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“Me” vs. “We”: Employers are Unaware that More Than Half of Their Employees Are Open to Leaving

Ahu Yildirmaz, Ph.D. Vice President, ADP Research Institute

The labor market is tightening, wages are on the rise, and while employers may have had the upper-hand in the past, a distinct shift is underway. Employees are now calling the shots.

What does this mean for employers and how they attract, retain and engage talent? The ADP Research Institute® (ADPRI) commissioned a new survey to find out.

From the results, ADP® developed two papers, “Evolution of Work 2.0; The Me vs. We Mindset,” and “Fixing the Talent Management Disconnect: Employer Perception vs. Employee Reality in the U.S. Midsized Market,” which found employees tend to concentrate on their work environment, look for meaning in their job, and want immediate advancement opportunities (the “me” mindset). Whereas, employers tend to focus on bigger picture areas like financial performance, reputation, and long-term career pathing (the “we” mindset).

A strengthening economy opens doors

According to the ADP® Workforce Vitality Report, job switching is at an all-time high with about 27 percent of U.S. workers changing jobs on an annual basis. The ADP National Employment Report® shows that more than 940,000 jobs were added since the start of 2017. And the unemployment rate was 4.4% in April. Although many employers can agree that it is difficult to retain top talent, ADP research finds that they also underestimate how many employees are open to switching jobs.

Passive job seeking is the new normal

According to ADP, 17% of employees are actively looking and 46% are passively looking for new jobs – showing that more than half (63%) of an employer’s total workforce may be open to leaving. Yet, while employers overestimate how many of their employees are actively (26%) searching, they underestimate how many are passively (23%) looking.[i]

The rise in new recruitment technologies has likely helped here. It is easier than ever for employees to see job listings online and connect informally with recruiters, since worker profiles and areas of expertise are just a click away.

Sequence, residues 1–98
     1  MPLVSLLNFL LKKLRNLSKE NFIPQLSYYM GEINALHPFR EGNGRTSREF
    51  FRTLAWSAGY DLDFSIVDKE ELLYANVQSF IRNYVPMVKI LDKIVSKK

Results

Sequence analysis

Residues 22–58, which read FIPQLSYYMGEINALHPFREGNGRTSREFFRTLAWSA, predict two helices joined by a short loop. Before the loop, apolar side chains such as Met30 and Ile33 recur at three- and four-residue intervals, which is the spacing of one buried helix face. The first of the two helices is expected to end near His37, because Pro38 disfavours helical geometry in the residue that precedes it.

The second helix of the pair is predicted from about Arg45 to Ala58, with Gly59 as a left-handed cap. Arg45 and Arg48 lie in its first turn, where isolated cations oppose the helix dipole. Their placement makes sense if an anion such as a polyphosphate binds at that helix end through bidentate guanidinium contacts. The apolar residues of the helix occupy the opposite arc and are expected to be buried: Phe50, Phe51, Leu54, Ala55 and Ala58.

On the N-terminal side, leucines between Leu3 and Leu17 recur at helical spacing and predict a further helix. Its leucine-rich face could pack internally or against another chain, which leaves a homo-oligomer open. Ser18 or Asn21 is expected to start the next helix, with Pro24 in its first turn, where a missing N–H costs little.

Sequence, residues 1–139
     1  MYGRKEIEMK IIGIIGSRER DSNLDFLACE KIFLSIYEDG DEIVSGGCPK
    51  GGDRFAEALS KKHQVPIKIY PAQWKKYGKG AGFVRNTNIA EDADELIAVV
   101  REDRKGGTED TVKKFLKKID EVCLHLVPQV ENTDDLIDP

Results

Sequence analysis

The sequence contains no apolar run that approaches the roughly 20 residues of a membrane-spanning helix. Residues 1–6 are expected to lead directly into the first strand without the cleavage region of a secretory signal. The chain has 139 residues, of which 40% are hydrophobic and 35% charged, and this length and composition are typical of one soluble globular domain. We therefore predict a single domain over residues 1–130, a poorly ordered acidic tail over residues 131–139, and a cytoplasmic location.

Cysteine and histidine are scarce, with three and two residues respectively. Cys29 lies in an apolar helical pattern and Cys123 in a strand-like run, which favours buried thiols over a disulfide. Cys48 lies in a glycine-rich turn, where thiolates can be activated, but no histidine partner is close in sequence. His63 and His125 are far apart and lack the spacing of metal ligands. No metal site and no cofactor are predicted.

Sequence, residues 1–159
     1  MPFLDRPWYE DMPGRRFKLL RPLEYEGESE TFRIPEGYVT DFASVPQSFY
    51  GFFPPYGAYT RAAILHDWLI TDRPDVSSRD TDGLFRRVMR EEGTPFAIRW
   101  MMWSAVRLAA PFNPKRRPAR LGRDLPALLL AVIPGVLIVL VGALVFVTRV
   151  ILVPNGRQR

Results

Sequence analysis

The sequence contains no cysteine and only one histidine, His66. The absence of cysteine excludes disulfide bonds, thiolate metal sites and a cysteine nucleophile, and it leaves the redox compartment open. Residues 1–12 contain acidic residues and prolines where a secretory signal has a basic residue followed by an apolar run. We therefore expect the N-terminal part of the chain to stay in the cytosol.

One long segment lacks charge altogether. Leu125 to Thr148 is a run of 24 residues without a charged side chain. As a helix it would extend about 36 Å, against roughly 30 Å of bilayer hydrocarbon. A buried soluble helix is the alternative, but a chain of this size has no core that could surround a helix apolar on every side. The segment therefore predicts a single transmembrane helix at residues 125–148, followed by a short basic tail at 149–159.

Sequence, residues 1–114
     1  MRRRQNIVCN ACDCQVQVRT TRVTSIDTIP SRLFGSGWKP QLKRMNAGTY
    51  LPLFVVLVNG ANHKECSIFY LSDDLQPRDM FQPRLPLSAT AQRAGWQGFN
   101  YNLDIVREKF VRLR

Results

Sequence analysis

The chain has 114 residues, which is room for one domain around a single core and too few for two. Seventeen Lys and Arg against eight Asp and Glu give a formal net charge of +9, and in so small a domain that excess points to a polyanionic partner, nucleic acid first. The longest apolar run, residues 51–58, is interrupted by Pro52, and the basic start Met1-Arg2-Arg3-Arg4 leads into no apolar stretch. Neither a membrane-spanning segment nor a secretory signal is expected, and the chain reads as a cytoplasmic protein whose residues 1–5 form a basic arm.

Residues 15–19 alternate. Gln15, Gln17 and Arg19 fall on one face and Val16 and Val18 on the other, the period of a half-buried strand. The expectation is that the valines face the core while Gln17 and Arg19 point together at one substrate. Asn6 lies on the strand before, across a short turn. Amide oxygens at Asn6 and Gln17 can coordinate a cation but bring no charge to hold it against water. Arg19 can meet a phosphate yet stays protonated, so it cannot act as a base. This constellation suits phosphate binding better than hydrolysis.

A perfect storm of factors challenging retention

While employees see the opportunity for higher wages and upward mobility in switching, employers are struggling to compete to keep their skilled workers. Forty-seven percent of employees at midsize companies in the U.S. would consider an opportunity that matched their current salary or even paid less, proving that wage growth is not the only determinant for employees who are considering a job switch.

Employees note that they value work-life balance and meaningful career development, which are often promised during their recruitment phase but tend to change over the course of their employment. This intended, or unintended, “bait and switch” situation shows itself in ADP’s findings, where 47 percent of employees say they have walked away from a job that did not meet their expectations.[ii]

What’s next?

While there are barriers to overcome, employers have an opportunity to address the “me” vs. “we” disconnect.

Employee training is one way. Currently, just one-third of U.S. employees give their companies high marks on career performance, learning management, and succession planning. While 77 percent of midsized employers in the U.S. offer employee training programs, only 40 percent of employees participated in them.[iii] Improved training programs can provide an opportunity for internal advancement, engaging the workforce and cultivating long-term loyalty. Of course, this is just one step, but it can be a start as employers continue forward in the war for talent.

[i] Evolution of Work 2.0: The Me vs. We Mindset, ADP Research Institute, 2017

[ii] Fixing the Talent Management Disconnect: Employer Perception vs. Employee Reality in the U.S. Midsized Market, ADP Research Institute, 2017

[iii] Fixing the Talent Management Disconnect: Employer Perception vs. Employee Reality in the U.S. Midsized Market, ADP Research Institute, 2017

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